The reality is this: 52k words is too short for a mass market novel, and it seems like your readers are telling you exactly where the extra 30k or so words have to come from: Neema. If she doesn’t feel integrated now (and I’ll certainly be able to speak to that more elegantly after I read), AND if the prose around her is still as strong as it was last year, the solution is to tease out that storyline to more fullness. I know that the thought of adding so much content seems daunting, but please do not worry! After this round of reading, we will have a very clear picture of how to develop Neema’s story, and I’ll keep an eye out as I read for other areas of content that might be able to use some extra breathing room.
Looking so forward to getting started!
So now I’m waiting to receive the editor’s overview and hopefully some clear direction on fleshing out the Neema character more fully and integrating her into the story—connecting her to Mare and Elaine more solidly.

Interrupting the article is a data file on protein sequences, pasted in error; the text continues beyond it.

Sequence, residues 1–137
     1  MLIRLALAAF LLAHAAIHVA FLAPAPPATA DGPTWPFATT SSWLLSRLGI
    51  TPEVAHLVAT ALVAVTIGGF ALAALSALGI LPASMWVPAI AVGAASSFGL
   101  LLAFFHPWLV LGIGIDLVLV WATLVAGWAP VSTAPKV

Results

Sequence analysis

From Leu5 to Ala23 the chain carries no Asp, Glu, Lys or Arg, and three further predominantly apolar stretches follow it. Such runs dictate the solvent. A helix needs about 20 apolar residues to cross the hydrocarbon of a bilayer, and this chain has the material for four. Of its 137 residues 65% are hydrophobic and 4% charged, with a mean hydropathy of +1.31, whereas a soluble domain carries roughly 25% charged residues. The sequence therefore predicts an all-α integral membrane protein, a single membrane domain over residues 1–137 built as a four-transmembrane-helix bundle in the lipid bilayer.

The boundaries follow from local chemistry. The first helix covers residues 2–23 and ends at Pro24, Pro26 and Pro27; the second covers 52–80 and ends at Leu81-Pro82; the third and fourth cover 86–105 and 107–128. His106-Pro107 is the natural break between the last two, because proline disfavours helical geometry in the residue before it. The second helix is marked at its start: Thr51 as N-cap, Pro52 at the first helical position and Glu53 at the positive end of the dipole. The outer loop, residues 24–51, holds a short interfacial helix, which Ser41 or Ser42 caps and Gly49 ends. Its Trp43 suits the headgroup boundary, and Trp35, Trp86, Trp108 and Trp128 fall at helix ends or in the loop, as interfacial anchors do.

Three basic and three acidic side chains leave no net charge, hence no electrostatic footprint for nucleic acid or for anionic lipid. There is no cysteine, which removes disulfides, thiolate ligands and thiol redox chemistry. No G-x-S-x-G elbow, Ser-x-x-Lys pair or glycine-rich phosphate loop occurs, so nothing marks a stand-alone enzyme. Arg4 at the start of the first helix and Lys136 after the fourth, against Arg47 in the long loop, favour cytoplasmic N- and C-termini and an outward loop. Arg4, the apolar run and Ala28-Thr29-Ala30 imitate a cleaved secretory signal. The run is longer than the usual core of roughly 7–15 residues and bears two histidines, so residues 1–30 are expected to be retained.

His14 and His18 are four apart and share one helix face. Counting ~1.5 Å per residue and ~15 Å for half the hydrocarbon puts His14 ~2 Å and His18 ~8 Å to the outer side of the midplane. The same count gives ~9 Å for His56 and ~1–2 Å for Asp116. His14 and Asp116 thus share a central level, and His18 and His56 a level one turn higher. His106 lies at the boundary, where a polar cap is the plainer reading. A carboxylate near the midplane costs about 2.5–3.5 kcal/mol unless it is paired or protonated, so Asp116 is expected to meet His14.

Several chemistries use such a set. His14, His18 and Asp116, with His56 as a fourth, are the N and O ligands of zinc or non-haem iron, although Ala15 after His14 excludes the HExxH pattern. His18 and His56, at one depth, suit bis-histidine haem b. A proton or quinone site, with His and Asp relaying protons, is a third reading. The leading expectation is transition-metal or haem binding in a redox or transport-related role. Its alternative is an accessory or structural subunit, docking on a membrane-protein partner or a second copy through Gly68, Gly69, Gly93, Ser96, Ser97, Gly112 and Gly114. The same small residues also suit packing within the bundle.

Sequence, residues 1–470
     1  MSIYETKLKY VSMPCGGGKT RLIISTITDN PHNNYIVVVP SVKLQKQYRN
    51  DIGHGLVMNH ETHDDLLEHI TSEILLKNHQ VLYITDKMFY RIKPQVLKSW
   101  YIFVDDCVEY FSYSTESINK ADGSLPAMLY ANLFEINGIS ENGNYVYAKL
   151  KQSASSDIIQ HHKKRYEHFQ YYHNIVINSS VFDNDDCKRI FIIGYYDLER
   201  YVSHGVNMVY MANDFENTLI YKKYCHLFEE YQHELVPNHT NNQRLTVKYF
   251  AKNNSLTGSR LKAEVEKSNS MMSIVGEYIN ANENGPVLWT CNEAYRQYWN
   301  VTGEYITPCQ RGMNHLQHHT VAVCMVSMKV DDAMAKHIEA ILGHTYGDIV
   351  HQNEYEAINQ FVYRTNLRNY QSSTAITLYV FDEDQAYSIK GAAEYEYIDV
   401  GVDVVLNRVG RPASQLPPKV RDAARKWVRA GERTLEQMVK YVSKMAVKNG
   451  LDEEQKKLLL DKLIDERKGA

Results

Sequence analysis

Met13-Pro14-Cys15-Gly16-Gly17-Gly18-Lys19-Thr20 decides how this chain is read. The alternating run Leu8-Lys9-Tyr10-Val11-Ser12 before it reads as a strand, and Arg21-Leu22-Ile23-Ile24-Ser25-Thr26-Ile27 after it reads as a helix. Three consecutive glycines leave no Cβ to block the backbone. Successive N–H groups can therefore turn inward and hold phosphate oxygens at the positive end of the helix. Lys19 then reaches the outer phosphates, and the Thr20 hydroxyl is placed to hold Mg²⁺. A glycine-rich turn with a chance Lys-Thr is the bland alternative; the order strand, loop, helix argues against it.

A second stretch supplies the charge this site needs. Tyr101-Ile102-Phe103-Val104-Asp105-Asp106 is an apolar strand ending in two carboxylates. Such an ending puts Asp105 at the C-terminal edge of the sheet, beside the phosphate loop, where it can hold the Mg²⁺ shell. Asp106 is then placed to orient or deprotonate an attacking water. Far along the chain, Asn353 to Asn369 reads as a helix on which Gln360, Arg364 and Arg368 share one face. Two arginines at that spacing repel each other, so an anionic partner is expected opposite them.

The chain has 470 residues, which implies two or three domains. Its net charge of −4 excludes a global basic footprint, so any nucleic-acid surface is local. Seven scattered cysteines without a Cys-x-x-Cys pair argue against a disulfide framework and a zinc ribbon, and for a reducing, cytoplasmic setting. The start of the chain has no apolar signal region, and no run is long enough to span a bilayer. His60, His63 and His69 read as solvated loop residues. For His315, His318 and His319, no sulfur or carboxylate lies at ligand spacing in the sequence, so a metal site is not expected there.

I’m sharing all of this for my readers who are also writers, just so you’ll see how long and involved the process of writing and revising a novel for publication can sometimes be. And for my readers who are not writers, but who keep asking how the novel is coming along. I hope to receive the editor’s new overview soon so I can get back to work. This waiting part is difficult—I don’t feel “free” enough to keep working on the other novel I started in May, so I’m using this lull to catch up on other projects: Decorating our front porch for Halloween, designing our 2014 Christmas cards, critiquing manuscripts for my Memphis writing group, and hosting another literary salon on October 28. Stay tuned for updates as I begin Round Three on the novel revisions. And always, thanks for reading!